Fitzgerald takes every meeting through a step-by-step process to make sure it is compliant with NASD guidelines. For example, in January 2007 she began planning four identical road show programs for Allstate bank clients in four different geographic regions. Called the Allstate Financial Institutions and Independent Planner Divisions Educational Conference, the programs began in June and included 50 to 90 brokers from participating banks. The one-day agenda had six hours of education-al content, including a presentation called “Buying Signs,” by Bill Acheson, an expert on the art of nonverbal communication.
For Fitzgerald, one of the trickiest aspects of planning these meetings is site selection. NASD Rule 2810 says that a training or education meeting must be held in a location appropriate to the purpose of the meeting. “The word appropriate is important here,” says Fitzgerald. She points to a case in which one of her wholesalers requested a site that probably wouldn't have passed regulatory muster. “Our wholesaler's territory included Florida and Puerto Rico. He wanted to get his representatives together for a small education conference in Puerto Rico, which he considered the more appealing destination. But 90 percent of his representatives would be coming from Florida. There was no strong business case to be made for holding this meeting in Puerto Rico.”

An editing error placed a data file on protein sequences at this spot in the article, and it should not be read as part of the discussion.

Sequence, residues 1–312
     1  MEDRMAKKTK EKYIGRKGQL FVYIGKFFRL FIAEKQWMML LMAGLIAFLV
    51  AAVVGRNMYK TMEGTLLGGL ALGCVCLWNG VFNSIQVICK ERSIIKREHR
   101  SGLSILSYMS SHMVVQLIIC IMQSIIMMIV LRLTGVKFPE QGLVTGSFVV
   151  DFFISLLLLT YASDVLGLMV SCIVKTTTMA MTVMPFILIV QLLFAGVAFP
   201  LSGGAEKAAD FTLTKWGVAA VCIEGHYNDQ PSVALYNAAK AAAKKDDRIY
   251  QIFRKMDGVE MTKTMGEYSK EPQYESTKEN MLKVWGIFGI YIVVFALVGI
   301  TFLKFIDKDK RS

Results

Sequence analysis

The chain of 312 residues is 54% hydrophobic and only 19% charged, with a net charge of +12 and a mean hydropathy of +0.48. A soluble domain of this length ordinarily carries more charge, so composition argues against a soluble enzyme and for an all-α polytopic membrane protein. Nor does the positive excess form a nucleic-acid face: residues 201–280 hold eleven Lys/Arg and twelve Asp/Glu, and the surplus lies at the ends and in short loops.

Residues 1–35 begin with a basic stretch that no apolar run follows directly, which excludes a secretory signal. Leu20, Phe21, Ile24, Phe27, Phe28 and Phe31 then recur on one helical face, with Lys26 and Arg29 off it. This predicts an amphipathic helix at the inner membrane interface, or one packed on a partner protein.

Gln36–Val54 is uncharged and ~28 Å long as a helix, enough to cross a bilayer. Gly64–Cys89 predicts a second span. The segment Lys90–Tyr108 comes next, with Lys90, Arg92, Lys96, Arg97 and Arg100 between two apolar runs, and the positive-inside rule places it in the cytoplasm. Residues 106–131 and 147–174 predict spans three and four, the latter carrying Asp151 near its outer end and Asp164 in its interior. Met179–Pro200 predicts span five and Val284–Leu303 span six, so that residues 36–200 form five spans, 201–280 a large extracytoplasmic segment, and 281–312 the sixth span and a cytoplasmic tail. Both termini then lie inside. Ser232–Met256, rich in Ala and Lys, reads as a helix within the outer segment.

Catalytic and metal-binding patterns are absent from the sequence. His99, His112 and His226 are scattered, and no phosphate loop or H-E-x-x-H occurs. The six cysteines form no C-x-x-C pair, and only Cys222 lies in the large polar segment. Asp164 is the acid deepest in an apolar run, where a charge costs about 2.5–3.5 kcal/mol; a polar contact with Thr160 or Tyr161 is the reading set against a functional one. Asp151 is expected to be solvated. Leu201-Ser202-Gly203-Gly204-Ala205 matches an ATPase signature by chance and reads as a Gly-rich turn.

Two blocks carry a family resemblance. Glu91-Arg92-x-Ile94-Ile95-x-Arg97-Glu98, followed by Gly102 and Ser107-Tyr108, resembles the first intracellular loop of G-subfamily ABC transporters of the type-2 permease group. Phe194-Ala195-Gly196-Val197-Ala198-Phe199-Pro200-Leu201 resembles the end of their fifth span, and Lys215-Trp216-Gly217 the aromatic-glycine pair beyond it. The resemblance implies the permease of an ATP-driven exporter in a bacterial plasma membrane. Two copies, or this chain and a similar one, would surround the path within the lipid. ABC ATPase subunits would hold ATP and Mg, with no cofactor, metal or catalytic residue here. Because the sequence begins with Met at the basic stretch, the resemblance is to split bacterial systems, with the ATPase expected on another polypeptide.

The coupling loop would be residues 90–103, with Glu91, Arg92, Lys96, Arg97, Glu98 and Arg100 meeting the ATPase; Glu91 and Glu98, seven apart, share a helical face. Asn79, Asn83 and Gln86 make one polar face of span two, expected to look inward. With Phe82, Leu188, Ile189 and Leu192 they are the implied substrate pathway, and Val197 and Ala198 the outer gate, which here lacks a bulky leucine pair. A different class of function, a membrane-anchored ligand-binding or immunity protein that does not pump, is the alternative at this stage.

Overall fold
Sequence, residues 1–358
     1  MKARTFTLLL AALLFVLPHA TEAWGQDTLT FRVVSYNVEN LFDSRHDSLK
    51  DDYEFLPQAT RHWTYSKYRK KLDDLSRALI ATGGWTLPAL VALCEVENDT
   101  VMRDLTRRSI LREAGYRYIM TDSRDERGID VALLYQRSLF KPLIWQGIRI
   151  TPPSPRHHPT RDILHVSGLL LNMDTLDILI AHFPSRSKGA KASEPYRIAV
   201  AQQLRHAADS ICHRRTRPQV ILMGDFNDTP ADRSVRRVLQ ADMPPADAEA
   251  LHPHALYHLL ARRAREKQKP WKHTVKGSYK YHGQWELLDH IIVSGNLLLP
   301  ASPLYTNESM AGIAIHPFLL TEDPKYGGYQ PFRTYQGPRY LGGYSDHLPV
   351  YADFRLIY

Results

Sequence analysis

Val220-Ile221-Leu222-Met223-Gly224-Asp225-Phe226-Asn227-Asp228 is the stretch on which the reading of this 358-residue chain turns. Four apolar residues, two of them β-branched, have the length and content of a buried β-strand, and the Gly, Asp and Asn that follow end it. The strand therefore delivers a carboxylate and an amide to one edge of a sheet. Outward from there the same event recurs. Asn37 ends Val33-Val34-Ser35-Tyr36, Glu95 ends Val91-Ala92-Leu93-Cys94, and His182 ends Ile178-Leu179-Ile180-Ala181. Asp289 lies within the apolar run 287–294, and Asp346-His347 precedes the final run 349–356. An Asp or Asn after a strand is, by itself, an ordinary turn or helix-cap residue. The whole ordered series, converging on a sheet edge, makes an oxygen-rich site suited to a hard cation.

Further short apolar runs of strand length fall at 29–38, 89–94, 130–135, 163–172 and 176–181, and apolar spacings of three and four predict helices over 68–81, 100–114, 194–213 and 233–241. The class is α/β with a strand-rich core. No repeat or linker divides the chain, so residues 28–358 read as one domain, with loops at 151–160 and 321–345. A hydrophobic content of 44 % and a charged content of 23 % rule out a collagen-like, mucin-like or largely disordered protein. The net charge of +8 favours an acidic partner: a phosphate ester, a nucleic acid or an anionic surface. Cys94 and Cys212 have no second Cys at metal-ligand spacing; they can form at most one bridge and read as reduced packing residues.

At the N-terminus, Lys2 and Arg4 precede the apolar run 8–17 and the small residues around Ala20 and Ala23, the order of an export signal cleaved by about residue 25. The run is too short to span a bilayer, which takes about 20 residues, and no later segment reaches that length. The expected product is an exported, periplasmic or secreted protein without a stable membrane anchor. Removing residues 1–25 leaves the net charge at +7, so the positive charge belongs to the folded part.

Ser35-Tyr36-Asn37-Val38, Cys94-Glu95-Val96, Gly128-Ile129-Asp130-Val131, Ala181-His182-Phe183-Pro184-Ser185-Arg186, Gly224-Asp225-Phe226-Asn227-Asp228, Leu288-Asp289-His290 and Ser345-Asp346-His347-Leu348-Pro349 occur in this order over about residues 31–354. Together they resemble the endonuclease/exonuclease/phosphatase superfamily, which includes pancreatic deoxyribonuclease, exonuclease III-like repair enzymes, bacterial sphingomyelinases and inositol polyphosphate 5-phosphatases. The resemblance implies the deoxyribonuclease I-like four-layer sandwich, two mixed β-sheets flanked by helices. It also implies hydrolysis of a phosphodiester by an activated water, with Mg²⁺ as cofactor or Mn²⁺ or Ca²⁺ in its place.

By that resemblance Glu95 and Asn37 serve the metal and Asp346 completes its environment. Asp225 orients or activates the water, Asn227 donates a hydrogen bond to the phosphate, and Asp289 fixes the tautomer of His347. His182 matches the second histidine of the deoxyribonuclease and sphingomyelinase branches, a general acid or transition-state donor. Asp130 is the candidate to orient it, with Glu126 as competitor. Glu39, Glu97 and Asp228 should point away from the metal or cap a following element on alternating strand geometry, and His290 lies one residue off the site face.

For the regional banking meetings, Fitzgerald zeroed in on four cities: Washington, D.C., which has a high concentration of banks and is conveniently located for Allstate's East Coast clients; Chicago, which covers the middle of the country; Palo Alto, Calif., which is centrally located on the West Coast; and New York, for those clients located in Manhattan.
Hotel selection can be tricky as well. “For most meeting planners, the question is simple,” says Fitzgerald: “Where can I get the best possible deal in the best possible location? But all of these NASD rules mean I have to be concerned about terms like reasonable and appropriate and have to worry about a location being too extravagant. My gosh, how on earth do you define all of those words?” For the regional banking meetings, Fitzgerald says she looked at space options at some of the more high-end properties in the host cities and, based on rate, location and appeal, made the selection. (Allstate provides hotel accommodations for attendees traveling more than three hours by car or those required to fly.)
In short, Fitzgerald continues, “You may not want to put your people up at a one- or two-star property, but it may not be appropriate to hold your meeting at the highest-end resort, either. It depends whether I can make a business case for staying at a certain property. If I've got a good deal at the Four Seasons in Washington, D.C., then I can probably justify using that hotel from a business perspective.”
One Big Spreadsheet
Compliance also comes into play when developing meeting content and managing attendee lists.